June 16 2012, Spindle Magazine

Queen of Hoxton, 4th June.

Grab a boob. Go on, grab two. It’s ok. In fact, it’s good. Because this is Festifeel and breasts are the order of the day.

For one day only, Coppafeel!, the charity dedicated to raising awareness about breast cancer in young people, men and women alike, descended on the Queen of Hoxton to spread the word and make sure everyone in attendance copped a feel. Think nippled beanbags, informative posters and a line up that brought the likes of Slow Club, Kyla La Grange and Chew Lips. We nipped along to enjoy the fun.

Now in its third year, Festifeel was a sold out event, with Londoners ditching the Jubilee in favour of the boobie. While the ground floor largely saw DJs presiding over the decks, the rooftop terrace was the province of a troupe of acoustic acts, possibly due to the ban on any mics and amps, thanks to one complaining neighbour. The crowd more than made up for that though, shouting, applauding and stomping along as the compere for the day utilised a loudspeaker and delivered some of the important fact, figures and sta-tit-stics. The charming Jennifer Left’s blues-folk performance was only mildly hindered by the muted vocals, while later that day, Newton Faulkner saw no hindrance as he played to a roof so packed that you were at risk of getting pushed off the edge.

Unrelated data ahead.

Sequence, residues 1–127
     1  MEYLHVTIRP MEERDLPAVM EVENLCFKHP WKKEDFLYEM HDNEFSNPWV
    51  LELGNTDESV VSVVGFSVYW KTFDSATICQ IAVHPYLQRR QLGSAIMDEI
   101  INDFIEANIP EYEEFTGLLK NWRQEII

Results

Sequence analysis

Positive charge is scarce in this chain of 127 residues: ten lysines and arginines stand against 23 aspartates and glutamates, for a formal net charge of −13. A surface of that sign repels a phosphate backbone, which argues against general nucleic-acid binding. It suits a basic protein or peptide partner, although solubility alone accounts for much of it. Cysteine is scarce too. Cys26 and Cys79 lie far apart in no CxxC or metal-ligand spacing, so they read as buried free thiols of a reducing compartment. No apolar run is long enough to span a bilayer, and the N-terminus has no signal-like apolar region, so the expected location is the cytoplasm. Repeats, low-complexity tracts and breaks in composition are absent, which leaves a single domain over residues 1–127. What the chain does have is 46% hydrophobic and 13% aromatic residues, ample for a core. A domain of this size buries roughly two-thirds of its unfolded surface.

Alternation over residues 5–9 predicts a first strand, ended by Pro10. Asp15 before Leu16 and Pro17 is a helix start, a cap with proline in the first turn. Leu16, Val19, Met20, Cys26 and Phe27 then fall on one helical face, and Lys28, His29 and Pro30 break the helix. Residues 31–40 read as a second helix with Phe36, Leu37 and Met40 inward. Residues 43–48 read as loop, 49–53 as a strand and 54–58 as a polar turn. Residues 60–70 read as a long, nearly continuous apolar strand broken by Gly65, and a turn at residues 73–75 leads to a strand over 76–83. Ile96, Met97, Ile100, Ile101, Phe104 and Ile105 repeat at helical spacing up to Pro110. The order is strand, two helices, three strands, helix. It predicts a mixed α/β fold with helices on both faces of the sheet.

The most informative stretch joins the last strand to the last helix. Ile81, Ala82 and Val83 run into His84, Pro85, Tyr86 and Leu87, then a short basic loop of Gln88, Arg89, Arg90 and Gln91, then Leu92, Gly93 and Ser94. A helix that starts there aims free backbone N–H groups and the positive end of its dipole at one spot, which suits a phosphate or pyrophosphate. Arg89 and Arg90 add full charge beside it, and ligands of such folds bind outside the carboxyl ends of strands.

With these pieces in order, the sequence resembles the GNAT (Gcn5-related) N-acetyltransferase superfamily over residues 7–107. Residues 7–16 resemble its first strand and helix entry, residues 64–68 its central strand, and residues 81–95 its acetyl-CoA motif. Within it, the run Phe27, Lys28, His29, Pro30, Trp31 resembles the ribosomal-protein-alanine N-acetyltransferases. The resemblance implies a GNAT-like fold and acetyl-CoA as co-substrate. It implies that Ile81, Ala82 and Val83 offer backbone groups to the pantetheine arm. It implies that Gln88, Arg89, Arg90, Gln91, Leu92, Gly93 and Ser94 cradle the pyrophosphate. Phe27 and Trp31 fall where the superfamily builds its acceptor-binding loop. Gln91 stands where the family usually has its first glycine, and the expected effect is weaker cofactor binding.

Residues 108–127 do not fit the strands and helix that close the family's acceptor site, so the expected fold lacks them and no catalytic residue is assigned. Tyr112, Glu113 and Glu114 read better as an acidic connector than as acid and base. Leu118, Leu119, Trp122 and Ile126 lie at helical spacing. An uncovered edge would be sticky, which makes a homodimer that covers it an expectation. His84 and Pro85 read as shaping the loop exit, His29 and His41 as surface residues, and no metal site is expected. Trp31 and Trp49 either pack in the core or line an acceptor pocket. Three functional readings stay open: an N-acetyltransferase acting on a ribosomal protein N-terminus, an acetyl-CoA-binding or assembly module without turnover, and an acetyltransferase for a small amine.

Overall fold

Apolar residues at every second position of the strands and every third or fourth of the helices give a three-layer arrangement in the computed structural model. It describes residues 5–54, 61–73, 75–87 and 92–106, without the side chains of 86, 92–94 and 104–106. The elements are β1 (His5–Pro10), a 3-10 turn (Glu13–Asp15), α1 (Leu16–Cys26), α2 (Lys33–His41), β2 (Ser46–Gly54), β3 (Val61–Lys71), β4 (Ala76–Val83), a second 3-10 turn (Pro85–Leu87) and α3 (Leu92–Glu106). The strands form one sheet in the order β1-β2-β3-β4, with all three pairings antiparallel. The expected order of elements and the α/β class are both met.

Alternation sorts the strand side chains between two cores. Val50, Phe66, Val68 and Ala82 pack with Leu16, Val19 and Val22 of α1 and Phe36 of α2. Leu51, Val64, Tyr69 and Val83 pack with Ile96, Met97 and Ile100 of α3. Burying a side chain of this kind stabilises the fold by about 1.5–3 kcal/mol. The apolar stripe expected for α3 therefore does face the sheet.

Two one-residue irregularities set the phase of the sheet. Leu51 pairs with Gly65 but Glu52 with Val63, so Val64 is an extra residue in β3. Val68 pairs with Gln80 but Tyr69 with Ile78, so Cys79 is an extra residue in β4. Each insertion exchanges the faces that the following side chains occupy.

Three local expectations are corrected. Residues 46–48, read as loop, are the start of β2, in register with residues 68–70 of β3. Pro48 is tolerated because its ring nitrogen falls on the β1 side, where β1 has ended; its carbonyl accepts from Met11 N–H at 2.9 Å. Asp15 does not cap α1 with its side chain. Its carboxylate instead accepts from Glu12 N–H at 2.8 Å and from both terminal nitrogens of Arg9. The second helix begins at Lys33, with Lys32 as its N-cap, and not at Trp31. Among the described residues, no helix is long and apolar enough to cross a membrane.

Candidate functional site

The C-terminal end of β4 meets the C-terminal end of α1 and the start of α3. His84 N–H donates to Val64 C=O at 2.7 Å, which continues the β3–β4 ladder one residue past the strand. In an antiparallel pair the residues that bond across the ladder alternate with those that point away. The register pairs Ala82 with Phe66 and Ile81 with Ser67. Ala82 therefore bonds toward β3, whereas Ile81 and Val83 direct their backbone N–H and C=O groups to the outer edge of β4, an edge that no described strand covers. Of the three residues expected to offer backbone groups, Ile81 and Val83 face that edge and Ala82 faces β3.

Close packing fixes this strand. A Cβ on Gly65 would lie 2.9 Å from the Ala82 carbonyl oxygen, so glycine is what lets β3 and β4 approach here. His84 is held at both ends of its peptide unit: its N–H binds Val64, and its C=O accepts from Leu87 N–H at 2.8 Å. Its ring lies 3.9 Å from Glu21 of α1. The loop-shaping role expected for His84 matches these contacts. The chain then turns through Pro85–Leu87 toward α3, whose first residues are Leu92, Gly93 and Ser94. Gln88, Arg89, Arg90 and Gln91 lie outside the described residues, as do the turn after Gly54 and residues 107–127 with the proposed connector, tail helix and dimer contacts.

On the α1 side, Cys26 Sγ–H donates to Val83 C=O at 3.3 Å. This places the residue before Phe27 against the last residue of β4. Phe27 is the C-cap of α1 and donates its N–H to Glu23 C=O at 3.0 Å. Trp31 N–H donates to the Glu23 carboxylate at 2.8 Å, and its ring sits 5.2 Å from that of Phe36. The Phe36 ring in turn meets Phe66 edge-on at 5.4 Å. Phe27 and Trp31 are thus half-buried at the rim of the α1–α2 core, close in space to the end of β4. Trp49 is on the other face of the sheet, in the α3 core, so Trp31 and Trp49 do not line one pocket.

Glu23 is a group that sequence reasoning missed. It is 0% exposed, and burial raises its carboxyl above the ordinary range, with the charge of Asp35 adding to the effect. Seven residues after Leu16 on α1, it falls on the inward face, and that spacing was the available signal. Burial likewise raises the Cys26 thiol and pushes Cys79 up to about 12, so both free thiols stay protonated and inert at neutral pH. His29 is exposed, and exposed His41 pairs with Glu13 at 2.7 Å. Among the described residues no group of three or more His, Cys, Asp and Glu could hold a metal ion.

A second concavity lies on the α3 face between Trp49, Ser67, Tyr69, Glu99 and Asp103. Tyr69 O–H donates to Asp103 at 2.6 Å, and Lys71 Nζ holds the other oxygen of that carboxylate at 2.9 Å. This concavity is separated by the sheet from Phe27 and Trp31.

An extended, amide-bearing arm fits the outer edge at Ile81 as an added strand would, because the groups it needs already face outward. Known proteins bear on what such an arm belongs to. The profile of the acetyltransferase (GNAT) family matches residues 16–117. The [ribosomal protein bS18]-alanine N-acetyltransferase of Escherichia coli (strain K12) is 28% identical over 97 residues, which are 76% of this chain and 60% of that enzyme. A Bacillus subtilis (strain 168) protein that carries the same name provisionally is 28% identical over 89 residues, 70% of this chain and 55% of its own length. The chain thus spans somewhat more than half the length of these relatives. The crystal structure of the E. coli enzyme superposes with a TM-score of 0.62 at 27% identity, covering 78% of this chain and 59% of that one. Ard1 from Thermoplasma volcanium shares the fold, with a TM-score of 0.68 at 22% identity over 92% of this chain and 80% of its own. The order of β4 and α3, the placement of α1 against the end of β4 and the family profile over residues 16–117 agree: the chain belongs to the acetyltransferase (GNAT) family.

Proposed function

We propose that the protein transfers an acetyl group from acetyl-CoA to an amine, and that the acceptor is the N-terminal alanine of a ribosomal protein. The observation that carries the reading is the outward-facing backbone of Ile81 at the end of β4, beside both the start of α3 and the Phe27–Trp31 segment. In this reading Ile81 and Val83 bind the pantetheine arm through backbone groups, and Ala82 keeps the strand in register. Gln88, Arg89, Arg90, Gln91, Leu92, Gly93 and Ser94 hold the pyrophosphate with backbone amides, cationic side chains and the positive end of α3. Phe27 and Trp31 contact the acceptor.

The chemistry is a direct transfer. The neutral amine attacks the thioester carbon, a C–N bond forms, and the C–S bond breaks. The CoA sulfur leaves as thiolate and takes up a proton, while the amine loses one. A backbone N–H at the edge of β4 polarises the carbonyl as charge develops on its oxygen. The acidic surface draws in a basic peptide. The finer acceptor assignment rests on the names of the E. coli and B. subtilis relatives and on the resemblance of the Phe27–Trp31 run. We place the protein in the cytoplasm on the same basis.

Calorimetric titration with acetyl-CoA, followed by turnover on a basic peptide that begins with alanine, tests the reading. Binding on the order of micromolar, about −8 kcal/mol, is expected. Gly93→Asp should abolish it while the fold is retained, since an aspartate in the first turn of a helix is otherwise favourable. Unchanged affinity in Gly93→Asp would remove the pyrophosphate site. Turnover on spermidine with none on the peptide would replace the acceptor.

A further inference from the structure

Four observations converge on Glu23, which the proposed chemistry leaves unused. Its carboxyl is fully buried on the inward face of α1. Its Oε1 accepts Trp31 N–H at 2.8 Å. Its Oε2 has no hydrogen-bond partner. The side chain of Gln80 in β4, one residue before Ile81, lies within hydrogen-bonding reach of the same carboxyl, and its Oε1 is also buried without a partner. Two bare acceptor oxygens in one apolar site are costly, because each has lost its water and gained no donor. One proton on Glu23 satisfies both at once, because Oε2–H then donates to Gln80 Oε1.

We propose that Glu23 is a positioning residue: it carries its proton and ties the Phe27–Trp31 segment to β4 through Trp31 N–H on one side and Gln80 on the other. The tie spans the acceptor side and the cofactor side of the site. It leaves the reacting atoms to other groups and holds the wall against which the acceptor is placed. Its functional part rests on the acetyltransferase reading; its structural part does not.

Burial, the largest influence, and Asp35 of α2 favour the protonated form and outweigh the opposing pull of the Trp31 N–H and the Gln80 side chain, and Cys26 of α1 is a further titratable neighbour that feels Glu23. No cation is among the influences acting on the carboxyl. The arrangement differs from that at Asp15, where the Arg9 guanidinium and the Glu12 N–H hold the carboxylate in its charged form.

However, it was the basement that was the place we went to base ourselves and not just because of the rain increasingly putting a damper on things (if only in the literal sense) upstairs. We arrived to see a rousing performance from Dog Is Dead, manfully battling through guitar malfunctions to play crowd favourite Young.  For us, the girls had it though, as he wraithlike chants of bare-footed Kyla La Grange enraptured her audience, while Slow Club finished our evening on a high note.  Opening with Where I’m Waking, the duo performed with the same infectious energy they’re known for. Though their live band has expanded since we last saw them and gone are the household accoutrements that made up the percussion section, their jubilant indie pop performance wanted for nothing, with the onstage charisma of Rebecca and Charles making the night.  Despite spending much of the set behind a guitar, Rebecca ended up on drums once again, for a fizzing rendition of Two Cousins.

A great atmosphere, eclectic line up and a bloody worthy cause, Festifeel was once again a success. And remember: keep abreast of your breasts.